Civil Litigation

SCC's civility decision good news for all lawyers

By Staff

The Supreme Court of Canada’s decision to toss the professional misconduct case against Joseph Groia is good news for him personally and for the profession generally, Toronto civil litigator Darryl Singer tells

The top court’s 6-3 ruling found that a Law Society of Ontario (LSO) reached an unreasonable conclusion when finding that Groia engaged in professional misconduct for incivility exhibited during his representation of a mining executive charged with securities fraud.

“The first thing to say is that it’s a 100-per-cent vindication for Groia,” says Singer, principal of Singer Barristers Professional Corporation. “But I think the reason most lawyers I’ve spoken with are heralding the decision is that it essentially says to keep doing what you’ve always done, which is to advocate resolutely on behalf of your client, and don’t be afraid of doing that.”

Groia’s case dates back to 2004 when he successfully defended his client against a prosecution by the Ontario Securities Commission (OSC). But his own behaviour during the trial, which included repeated criticism of opposing counsel, attracted the interest of the LSO, which ultimately moved forward with a misconduct application against him.

A law society panel found the lawyer guilty, imposing a one-month suspension and $200,000 fine.

However, a majority of the Supreme Court panel found that while Groia’s accusations against the OSC prosecutors were partly mistaken, he had a reasonable basis for making them. In addition, it found that he complied in toning down his comments after the judge in the case addressed the issue.

“Trials are not — nor are they meant to be — tea parties. A lawyer’s duty to act with civility does not exist in a vacuum. Rather, it exists in concert with a series of professional obligations that both constrain and compel a lawyer’s behaviour,” wrote Justice Moldaver for the majority. “Care must be taken to ensure that free expression, resolute advocacy and the right of an accused to make full answer and defence are not sacrificed at the altar of civility.”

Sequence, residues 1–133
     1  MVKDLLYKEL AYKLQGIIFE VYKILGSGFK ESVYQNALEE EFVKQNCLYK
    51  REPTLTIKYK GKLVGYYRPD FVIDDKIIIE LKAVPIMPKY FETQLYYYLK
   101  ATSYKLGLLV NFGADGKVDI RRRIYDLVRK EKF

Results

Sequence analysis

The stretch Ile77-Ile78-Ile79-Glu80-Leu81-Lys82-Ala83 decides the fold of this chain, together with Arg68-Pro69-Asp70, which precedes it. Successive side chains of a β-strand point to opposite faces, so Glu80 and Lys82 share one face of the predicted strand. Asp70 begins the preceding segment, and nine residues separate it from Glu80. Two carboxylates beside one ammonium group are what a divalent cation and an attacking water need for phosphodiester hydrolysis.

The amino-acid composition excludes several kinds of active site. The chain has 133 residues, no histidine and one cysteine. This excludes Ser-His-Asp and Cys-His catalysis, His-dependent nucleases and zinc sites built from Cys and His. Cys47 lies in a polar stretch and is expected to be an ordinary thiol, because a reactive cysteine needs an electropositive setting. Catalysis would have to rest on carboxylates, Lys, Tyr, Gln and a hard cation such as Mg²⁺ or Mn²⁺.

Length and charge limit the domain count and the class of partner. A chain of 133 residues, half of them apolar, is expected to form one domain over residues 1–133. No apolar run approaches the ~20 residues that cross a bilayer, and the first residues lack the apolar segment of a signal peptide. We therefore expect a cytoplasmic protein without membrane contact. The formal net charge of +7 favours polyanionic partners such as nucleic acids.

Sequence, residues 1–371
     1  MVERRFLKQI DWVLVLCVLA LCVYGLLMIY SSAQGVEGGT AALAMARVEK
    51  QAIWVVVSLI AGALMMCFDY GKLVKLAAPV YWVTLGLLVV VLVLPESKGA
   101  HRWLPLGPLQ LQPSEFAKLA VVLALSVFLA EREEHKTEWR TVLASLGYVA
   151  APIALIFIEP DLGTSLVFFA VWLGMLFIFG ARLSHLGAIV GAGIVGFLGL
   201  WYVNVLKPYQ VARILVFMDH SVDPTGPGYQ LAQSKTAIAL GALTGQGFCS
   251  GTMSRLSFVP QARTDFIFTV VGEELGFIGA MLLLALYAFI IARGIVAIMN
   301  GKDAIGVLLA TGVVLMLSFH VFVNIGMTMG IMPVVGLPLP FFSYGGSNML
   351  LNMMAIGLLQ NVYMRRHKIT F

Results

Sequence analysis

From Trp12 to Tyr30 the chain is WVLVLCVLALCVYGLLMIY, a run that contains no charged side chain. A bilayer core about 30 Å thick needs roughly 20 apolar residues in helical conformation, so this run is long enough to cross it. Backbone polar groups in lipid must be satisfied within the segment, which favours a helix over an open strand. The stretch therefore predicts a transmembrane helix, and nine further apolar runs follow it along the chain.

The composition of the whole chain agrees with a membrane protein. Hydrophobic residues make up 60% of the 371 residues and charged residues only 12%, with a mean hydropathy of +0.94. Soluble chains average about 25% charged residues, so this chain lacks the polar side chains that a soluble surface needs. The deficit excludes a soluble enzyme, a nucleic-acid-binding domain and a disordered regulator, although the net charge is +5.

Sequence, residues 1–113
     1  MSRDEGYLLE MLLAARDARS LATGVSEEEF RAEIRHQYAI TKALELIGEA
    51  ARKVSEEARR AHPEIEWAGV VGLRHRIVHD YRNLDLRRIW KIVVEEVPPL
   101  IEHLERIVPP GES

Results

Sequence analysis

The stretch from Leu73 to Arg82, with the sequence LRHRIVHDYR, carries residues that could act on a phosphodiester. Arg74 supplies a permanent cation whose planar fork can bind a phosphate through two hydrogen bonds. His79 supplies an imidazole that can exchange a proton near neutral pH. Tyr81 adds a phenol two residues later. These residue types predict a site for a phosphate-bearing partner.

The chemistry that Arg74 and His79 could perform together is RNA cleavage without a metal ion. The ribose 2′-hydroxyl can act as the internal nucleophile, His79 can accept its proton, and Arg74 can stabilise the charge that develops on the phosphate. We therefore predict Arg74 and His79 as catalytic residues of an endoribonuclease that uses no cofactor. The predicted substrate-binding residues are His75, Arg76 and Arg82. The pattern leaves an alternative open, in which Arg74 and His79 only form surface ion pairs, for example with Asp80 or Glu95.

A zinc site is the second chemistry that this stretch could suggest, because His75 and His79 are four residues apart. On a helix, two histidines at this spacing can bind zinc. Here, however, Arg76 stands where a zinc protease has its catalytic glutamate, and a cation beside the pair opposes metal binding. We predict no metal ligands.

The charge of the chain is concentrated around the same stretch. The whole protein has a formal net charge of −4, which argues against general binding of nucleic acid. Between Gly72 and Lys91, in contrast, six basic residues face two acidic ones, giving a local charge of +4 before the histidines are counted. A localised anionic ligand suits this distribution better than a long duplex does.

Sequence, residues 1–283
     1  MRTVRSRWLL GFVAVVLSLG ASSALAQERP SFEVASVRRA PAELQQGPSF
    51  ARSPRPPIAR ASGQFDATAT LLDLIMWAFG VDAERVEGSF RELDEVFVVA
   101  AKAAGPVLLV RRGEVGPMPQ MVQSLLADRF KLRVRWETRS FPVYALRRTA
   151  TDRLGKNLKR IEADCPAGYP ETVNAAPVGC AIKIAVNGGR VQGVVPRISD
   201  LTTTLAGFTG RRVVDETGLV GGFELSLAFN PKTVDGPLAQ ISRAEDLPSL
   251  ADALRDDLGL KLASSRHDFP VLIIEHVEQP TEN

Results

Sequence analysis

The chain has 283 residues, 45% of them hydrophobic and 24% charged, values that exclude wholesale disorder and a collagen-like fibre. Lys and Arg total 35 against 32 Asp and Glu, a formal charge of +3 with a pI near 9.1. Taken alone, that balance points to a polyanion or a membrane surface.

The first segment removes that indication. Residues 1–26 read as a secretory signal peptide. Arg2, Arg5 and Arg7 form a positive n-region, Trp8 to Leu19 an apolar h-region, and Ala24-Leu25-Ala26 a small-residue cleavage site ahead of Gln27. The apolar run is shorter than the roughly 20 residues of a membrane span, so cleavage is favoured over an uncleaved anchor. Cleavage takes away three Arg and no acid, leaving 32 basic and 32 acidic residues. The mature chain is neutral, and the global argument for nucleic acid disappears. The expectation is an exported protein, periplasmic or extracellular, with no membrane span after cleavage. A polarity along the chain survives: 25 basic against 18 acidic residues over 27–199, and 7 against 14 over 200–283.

Singer says criminal defence lawyers and civil litigators will be particularly pleased by the decision’s emphasis on the importance of resolute advocacy.

“It’s my job to advance every possible argument in my client’s favour, and sometimes that will mean calling out opposing counsel if I have reason to believe they’ve done something wrong,” he says.

Had the decision gone the other way, Singer says it could have sent a “chilling effect” through the profession.

“It was a pretty close call, and the dissent makes a very persuasive case,” he says. “But it would have been a dangerous precedent because it would have caused problems for younger lawyers who don’t have as much experience thinking on their feet.

“In the context of a courtroom trial, things happen in an instant and you’re not necessarily trying to be objective in the heat of the moment, or stepping back to consider whether your comments will get you in trouble with the law society,” Singer adds.

Singer, who teaches a professional responsibility class at Osgoode Hall Law School and frequently represents lawyers facing disciplinary proceedings before the Law Society Tribunal, says he’s not sure the case will have a huge impact on future matters due to its unique facts.

However, he’s hoping it will prompt a change in the way the LSO investigates complaints since in Groia’s case, nobody actually complained about his behaviour and the proceedings were only initiated after a staff member at the law society read an account of the trial in a newspaper.

“From the very beginning, there has been a feeling that the law society overstepped the mark,” Singer says. “In future, they ought not to investigate unless a complaint has been made and let their staff focus on more important things.”

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